“The main drawback to a HELOC is that you can’t lock your rate,” Charnet said. “You run the risk of the rate floating up, which could increase the amount of interest you pay.”
The mortgage accelerator program works best for homeowners with significantly more income than expenses, savings for an emergency and a low mortgage balance compared with the value of their home. In addition, it’s best for people who plan to stay in their home for the long term, Charnet said.
“Maybe if you have a wide margin in the interest rate between the mortgage rate and the HELOC, such as a 7% mortgage rate and a 3.5% HELOC, then you could consider shifting the debt to the HELOC,” said Charnet. “But if the rates are close and the HELOC rate is floating, I wouldn’t do it unless you could pay off everything in five years or less.”
Borrowing too much of your home equity can be dangerous, said Charnet.
“If you use up your credit line to pay off your mortgage and then need $20,000 to fix your roof, you won’t be able to use your HELOC to pay for it,” he said. “You’ll have to pay down the HELOC before you can borrow against it again.”
Since a HELOC is a line of credit tied to the value of your home, it can be frozen by the lender even if you make your payments if home values decline.
Charnet also warns against using a credit card to pay living expenses. If you lose your job or have another issue that impacts your income, you could end up with two mortgage balances and credit card debt.
“The number one goal for everyone should be to get out of bad debt,” said Charnet. “A mortgage at 4.25% isn’t bad debt because it’s backed by real estate. Credit card debt is bad debt.”
Other ways to pay off your mortgage early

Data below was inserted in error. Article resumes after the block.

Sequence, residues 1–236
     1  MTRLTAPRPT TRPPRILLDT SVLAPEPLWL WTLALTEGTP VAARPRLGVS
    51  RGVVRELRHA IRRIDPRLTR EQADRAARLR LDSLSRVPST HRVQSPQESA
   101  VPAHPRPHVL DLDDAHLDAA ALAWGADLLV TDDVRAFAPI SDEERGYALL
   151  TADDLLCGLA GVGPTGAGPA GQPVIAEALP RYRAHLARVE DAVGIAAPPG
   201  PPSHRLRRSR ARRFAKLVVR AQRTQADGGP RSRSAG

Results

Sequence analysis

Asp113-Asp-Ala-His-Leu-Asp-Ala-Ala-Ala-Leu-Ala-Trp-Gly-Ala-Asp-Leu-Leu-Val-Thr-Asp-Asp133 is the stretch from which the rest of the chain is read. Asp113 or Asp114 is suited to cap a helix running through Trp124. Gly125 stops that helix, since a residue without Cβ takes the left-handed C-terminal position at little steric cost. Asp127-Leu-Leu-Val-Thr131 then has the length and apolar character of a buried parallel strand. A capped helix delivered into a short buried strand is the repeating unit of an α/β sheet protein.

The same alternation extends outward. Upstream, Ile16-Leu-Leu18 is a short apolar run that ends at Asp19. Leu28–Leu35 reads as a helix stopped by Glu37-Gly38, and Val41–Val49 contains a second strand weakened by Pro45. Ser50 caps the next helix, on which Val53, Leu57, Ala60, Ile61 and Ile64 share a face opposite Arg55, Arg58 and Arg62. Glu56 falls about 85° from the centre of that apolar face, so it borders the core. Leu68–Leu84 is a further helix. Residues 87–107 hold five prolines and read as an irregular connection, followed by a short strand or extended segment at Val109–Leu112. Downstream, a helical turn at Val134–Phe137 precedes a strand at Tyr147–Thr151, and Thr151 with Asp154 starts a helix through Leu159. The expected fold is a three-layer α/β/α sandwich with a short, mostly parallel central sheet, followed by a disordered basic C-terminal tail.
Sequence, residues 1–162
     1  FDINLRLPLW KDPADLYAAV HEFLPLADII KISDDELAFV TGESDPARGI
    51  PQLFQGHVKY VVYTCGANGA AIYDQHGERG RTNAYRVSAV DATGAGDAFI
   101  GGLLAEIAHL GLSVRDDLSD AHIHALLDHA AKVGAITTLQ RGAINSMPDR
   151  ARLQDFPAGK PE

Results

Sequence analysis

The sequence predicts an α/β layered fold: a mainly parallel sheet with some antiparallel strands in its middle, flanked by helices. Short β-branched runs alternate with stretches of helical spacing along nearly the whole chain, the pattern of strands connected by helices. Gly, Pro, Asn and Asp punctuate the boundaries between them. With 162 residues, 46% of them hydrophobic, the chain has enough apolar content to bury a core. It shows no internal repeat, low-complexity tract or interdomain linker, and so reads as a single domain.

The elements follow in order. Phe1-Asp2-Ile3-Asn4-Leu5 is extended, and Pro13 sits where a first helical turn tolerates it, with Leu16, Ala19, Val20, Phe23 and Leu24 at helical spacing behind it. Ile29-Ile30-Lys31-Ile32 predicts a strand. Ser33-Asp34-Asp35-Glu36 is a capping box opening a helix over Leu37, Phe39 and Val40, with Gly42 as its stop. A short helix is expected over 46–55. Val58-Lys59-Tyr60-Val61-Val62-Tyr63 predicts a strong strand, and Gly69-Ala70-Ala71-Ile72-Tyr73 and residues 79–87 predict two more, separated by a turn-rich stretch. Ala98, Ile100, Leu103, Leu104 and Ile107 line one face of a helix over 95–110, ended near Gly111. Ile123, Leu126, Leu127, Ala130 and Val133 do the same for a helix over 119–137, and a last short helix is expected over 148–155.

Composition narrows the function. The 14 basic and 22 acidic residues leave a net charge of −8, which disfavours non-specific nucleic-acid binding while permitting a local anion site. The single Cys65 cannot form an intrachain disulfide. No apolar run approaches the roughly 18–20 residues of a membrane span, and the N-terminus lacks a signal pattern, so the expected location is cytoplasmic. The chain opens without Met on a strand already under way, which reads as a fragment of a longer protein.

If you want to pay off your mortgage faster, there are simpler ways to accomplish your goal.
Make additional payments to the principal
The safest way to accelerate your loan payoff is to make biweekly payments or to add one extra payment per year, said Chanet. You can make extra payments at any time and designate them toward principal reduction. The benefit of this is that you can adjust your extra payments based on your finances.
Create a special mortgage payoff savings plan
You can calculate how much to save each month and accumulate enough to pay off your loan in full by a specific date. Saving in a separate account has the advantage of not taking on extra debt in the form of a HELOC and gives you added security in case circumstances change and you need the money for another purpose.
Recast your mortgage
If you have a lump sum of savings to devote toward reducing your mortgage balance, you can ask your lender to recast your loan. A loan recast revises your monthly payment based on the new balance but keeps the interest rate and loan term the same. If your goal is to repay your loan faster, you can continue making larger payments after the loan is recast to reduce the principal faster. But since the mandatory payments are lower, you have flexibility in case your finances are tight at some point. Recasting generally has lower costs than refinancing.
Refinance into a lower rate or shorter-term loan
Refinancing into a shorter term loan could result in higher monthly payments but also offers the advantage of an earlier payoff date. Depending on your current loan balance and rate, your payments could be the same or lower. A refinance requires closing costs, but it offers the certainty that a mortgage accelerator program lacks.
While paying off your first mortgage with a HELOC may sound compelling, there are safer and simpler ways to move up the date of your mortgage burning party.